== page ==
‘Science’ magazine and the American Association for the Advancement of Science have released their annual list of science breakthroughs for 2014.
The winner: Rosetta, the first spacecraft to catch a comet, along with its trusty lander, Philae.
"Breakthroughs should do one of two things: either solve a problem that people have been wrestling with for a long time or open the door to a lot of new research," said Robert Coontz, deputy news editor at Science, in a press release. "In this case, most of the really good science lies ahead."
Rosetta has already quashed an old theory that said Earth’s vast oceans came from comets. Data from the mission, which was launched by the European Space Agency in 2004, will be analyzed for years to come.
Here are the nine runners up, according to Science:
The Dinosaur-Bird Transition
This year, a series of papers compared the fossils of early birds and dinosaurs to modern birds. This revealed how many dinosaurs evolved into birds, which survived the extinction of the dinosaurs about 66 million years ago.
Young Blood Fixes Old
Researchers demonstrated that blood from a young mouse can rejuvenate the muscles and brains of older mice. The findings have led to a clinical trial in which Alzheimer's patients are receiving plasma from young donors.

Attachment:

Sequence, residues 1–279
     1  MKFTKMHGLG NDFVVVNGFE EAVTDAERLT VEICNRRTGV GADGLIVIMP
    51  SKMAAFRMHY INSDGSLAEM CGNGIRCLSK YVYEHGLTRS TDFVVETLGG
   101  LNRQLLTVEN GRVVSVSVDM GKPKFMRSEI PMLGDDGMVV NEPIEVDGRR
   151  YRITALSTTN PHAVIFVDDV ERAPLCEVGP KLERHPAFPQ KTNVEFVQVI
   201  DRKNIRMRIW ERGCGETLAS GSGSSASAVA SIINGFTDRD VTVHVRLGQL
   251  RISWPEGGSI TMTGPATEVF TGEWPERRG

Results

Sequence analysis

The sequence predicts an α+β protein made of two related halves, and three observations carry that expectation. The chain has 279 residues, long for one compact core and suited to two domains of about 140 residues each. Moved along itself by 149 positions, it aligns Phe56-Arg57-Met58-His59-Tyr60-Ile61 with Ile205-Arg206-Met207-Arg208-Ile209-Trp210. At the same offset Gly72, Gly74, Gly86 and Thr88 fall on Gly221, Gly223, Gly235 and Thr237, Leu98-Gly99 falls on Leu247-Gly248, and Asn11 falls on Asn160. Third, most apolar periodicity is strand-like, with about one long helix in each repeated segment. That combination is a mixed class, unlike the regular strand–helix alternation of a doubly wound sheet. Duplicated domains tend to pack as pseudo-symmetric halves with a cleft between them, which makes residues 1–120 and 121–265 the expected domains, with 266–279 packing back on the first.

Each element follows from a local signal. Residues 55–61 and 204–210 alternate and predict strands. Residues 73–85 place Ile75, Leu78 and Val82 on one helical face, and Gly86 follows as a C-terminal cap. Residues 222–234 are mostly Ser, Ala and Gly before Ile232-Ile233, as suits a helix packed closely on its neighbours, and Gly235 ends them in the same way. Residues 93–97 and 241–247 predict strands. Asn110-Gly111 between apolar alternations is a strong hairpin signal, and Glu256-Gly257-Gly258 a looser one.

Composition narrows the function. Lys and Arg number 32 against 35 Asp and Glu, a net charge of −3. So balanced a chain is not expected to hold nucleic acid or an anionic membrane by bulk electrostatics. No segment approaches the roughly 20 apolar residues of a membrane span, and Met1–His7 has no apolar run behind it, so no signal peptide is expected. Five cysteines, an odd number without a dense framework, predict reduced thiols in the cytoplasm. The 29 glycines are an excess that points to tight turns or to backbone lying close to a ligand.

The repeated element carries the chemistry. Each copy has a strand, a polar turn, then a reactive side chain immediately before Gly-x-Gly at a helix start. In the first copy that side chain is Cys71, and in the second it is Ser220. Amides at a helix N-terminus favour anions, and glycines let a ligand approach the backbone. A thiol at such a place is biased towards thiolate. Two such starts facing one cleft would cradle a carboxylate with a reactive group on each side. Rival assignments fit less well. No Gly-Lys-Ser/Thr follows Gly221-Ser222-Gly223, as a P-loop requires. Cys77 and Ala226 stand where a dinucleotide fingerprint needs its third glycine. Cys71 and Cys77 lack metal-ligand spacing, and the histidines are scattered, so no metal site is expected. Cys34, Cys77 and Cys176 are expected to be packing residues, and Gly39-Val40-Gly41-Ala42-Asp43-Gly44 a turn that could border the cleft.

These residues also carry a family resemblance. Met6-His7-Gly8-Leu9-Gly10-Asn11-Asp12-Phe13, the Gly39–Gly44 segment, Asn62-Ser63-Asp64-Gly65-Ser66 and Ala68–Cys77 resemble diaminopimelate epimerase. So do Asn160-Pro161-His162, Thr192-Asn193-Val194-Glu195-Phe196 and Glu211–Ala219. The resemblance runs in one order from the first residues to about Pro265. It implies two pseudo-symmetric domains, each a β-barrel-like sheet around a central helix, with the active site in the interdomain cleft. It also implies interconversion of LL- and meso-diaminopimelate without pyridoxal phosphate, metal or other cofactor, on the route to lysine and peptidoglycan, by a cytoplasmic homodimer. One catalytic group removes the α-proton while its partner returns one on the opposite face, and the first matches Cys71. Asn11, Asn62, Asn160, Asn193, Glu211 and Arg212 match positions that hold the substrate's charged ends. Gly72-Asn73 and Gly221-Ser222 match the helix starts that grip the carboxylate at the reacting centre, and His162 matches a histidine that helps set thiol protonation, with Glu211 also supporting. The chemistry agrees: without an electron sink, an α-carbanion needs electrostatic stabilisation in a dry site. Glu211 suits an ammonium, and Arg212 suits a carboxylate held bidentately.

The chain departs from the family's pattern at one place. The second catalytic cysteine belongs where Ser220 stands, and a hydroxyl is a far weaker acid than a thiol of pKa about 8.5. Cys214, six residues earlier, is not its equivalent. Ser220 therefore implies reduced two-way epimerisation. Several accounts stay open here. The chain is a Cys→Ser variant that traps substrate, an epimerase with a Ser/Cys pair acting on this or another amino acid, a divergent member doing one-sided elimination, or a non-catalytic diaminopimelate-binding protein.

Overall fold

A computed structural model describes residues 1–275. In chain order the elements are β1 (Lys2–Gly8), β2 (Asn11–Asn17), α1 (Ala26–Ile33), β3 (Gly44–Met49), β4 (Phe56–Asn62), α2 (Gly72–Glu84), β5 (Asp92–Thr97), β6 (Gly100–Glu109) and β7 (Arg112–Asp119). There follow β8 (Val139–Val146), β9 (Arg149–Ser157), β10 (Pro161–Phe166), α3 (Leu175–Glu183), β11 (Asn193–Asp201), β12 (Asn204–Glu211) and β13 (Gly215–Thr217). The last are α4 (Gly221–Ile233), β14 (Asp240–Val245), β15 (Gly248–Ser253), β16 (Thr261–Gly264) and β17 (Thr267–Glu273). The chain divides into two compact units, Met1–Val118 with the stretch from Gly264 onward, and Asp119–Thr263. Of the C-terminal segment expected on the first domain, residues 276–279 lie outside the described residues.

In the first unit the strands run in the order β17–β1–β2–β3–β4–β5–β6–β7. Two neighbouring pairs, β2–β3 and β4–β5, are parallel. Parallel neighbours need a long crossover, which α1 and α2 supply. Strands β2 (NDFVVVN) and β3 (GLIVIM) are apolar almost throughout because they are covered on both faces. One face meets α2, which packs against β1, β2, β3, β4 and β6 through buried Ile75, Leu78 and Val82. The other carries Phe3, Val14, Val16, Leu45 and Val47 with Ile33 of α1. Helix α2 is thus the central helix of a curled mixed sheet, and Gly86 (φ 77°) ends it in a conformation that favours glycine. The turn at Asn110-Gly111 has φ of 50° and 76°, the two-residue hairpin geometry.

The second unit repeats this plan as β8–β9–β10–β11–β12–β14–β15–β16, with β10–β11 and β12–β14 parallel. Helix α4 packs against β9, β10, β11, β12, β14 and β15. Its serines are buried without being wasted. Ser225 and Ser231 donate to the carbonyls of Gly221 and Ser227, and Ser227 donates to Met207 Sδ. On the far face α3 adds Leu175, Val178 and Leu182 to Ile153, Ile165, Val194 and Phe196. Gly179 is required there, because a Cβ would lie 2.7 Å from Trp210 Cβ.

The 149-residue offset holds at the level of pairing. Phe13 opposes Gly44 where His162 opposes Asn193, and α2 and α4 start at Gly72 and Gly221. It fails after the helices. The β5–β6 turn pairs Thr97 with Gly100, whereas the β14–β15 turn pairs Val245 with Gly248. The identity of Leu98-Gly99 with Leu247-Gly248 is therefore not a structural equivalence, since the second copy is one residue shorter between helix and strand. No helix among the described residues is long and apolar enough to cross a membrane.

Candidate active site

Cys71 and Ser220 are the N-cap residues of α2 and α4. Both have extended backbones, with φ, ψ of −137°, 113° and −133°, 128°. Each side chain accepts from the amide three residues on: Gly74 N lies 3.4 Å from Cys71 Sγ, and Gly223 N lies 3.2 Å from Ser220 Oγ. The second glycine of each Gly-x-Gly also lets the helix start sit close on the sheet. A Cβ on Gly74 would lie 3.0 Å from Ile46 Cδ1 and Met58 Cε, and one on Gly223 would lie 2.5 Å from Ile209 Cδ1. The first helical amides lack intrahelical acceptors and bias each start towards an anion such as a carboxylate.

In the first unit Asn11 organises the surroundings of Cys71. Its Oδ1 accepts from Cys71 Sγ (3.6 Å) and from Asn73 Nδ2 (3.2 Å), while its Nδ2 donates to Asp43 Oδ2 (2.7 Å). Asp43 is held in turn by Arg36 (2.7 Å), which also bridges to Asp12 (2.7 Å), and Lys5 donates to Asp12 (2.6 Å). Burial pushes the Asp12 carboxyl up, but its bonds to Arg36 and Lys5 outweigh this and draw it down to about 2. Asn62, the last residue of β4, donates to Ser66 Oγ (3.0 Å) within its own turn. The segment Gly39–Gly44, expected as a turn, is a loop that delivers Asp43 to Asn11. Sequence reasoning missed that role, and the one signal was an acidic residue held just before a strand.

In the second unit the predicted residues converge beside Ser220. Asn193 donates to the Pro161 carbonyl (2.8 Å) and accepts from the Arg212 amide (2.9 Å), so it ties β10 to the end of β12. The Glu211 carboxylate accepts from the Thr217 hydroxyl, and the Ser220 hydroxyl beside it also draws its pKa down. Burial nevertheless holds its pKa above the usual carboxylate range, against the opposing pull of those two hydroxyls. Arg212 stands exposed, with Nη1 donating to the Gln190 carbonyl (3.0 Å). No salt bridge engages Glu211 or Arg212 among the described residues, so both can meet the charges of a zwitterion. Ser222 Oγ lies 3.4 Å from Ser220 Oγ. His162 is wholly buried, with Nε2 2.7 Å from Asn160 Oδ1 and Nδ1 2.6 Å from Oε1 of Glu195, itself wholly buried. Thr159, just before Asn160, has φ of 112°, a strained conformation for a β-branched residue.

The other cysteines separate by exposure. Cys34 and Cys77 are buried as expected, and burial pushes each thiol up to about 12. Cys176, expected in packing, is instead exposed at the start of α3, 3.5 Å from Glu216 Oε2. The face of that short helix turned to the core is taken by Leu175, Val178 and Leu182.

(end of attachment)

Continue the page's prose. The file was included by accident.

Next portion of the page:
Getting Robots to Cooperate
New software and interactive robots are proving that robots can work together without human supervision.
Computer engineers at IBM and elsewhere rolled out the first large-scale "neuromorphic" chips this year, which process information more like a living brain.
Scientists pioneered two methods for growing cells that closely resemble the insulin-producing cells of the pancreas, called beta cells. This gives researchers an unprecedented opportunity to study diabetes.
Indonesian Cave Art
Researchers realized that hand stencils and animal paintings in a cave in Indonesia, once thought to be 10,000 years old, were actually between 35,000 and 40,000 years old. The discoveries suggest that humans in Asia were producing symbolic art as early as the first European cave painters.
Researchers showed that they could manipulate memories in mice using beams of light. The technique, called optogenetics, can delete existing memories and implanting false ones.
Although they've been blasted into space for more than a decade now, cheap satellites with sides that are just 10 centimeters squared, called CubeSats, really took off in 2014. Once considered educational tools for college students, these miniature satellites have started to do some real science, according to researchers.
Expanding the Genetic Alphabet
Researchers have engineered E. coli that harbors two additional nucleotides – X and Y – in addition to the normal G, T, C, and A that make up the standard building blocks of DNA. Such synthetic bacteria can't reproduce outside the laboratory, but they may be used to create designer proteins with "unnatural" amino acids.
Gavin Stern is a national digital producer for the Scripps National Desk. Follow him on twitter at @GavinStern.